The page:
New book by Ciorciari offers critique of Khmer Rouge Tribunal
"Hybrid Justice: The Extraordinary Chambers in the Courts of Cambodia," a forthcoming book by John Ciorciari and Anne Heindel, a legal advisor at the Documentation Center of Cambodia, contends that the unique legal and institutional features of the UN-backed tribunal and political in-fighting impaired the court's ability to deliver credible justice. They explain that issues including political interference, the need for a supermajority judge opinion prior to investigations, and the application of local law hampered or delayed the proceedings.
At a presentation at the East-West Center in Washington, D.C., Ciorciari discussed lessons learned from the Cambodian experience, stating:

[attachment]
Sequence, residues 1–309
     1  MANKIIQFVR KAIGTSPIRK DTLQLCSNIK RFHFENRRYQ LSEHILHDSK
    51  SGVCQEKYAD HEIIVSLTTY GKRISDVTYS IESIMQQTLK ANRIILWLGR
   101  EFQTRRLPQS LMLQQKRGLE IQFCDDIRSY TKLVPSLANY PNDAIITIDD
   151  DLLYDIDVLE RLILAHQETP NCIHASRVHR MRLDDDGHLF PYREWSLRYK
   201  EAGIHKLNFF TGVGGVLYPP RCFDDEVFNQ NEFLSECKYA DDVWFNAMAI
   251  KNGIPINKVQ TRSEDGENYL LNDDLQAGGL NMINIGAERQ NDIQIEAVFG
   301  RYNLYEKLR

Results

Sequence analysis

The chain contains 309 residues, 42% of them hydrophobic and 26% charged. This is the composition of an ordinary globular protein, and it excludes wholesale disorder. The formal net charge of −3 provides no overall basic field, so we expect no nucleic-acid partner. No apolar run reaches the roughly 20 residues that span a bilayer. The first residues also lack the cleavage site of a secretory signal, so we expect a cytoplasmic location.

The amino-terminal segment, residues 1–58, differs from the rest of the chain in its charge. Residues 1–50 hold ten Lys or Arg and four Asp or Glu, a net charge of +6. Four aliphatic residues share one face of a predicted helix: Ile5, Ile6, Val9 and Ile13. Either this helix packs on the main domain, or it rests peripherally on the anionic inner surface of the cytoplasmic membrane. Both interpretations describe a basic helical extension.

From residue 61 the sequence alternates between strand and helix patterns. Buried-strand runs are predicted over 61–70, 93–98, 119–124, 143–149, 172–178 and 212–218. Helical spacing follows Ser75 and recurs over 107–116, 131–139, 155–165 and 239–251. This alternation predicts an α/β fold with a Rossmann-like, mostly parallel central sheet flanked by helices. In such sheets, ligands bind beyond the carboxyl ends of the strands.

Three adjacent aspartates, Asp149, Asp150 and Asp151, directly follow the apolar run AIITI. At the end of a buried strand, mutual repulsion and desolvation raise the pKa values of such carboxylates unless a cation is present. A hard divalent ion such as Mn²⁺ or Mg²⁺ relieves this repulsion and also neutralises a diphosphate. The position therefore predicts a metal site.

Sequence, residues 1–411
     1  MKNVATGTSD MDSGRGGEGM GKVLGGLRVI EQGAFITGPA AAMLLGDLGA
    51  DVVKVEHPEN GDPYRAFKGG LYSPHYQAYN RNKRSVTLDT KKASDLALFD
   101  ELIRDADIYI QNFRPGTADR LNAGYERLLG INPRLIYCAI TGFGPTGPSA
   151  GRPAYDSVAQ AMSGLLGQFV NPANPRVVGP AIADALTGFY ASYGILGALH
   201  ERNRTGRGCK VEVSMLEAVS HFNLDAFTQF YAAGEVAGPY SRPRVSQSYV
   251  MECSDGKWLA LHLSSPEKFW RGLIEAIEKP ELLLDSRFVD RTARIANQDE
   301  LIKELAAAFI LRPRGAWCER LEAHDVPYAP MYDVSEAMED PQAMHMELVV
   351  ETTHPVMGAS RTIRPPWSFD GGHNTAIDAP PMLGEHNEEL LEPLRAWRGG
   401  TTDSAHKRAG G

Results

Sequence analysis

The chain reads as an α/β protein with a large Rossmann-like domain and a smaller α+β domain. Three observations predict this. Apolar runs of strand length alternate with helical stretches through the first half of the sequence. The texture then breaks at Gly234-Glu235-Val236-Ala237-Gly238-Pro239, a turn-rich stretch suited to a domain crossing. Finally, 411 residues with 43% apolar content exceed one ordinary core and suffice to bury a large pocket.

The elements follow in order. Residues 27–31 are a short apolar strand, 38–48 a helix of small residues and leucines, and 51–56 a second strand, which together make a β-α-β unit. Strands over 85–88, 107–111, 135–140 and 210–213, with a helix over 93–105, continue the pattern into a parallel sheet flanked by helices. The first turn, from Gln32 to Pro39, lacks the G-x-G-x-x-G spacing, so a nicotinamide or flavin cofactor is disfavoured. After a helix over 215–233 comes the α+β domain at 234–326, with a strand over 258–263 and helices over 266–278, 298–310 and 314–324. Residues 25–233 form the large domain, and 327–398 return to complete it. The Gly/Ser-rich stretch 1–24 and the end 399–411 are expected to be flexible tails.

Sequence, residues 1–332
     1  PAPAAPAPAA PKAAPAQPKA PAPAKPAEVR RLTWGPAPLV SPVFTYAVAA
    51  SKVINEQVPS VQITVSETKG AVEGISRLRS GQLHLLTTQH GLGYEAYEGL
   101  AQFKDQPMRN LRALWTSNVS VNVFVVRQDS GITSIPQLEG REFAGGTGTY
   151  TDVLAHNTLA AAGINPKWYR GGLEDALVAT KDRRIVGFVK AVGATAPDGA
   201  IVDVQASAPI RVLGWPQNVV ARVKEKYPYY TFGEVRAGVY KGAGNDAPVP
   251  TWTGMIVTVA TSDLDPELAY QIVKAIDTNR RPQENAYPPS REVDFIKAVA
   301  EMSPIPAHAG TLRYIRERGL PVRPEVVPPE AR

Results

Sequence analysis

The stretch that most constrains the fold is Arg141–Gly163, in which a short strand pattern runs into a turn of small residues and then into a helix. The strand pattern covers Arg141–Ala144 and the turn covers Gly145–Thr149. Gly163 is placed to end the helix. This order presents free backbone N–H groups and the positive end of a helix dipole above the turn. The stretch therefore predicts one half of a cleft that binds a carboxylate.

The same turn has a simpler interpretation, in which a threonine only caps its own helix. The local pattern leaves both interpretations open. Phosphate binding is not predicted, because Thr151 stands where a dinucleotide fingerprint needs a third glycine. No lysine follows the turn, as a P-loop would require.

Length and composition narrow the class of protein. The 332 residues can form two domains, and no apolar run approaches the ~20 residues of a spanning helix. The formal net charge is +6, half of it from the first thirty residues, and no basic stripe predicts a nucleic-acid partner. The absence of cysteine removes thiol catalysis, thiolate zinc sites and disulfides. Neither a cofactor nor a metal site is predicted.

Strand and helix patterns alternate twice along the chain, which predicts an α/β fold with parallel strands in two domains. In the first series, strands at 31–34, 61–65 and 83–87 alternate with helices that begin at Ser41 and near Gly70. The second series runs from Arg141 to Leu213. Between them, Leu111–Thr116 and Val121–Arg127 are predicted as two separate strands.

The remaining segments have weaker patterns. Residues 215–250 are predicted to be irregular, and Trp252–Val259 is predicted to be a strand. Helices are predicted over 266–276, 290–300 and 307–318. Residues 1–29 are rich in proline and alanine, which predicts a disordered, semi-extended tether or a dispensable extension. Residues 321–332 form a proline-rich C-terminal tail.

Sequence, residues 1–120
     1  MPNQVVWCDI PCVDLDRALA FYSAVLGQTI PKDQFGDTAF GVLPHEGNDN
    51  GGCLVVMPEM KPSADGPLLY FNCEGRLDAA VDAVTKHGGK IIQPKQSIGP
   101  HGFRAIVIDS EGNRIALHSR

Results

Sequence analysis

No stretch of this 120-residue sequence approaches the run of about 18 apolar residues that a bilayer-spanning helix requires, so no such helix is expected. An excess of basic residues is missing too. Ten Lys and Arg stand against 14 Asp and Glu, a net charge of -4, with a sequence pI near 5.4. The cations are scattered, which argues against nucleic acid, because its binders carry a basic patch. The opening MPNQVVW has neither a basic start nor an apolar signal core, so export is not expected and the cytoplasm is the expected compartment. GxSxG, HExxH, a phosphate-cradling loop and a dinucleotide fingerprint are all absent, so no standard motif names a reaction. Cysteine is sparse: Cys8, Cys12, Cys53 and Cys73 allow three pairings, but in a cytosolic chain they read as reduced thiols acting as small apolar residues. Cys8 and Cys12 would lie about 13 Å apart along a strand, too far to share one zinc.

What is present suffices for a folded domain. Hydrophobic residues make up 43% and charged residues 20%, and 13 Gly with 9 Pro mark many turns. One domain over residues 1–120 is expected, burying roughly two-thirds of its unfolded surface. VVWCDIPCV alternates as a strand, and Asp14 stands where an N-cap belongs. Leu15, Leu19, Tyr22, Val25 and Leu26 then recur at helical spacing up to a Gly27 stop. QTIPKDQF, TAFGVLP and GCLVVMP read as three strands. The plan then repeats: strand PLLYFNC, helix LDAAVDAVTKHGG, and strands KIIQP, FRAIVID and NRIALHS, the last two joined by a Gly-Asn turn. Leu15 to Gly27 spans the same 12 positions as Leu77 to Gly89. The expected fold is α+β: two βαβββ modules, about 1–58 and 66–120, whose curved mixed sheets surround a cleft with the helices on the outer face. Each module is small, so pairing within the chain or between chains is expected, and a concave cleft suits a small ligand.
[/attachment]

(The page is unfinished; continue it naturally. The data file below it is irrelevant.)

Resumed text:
"The UN has undeniably a weak structural position in this court, but it's still chosen to interpret its mandate narrowly, conservatively, deferring in most cases to Cambodian sovereignty and prerogative. So the lesson here is that if the UN gets involved, it needs to exert ownership and stronger control."
Ciorciari's book will be published by the University of Michigan Press, and will be available by late February.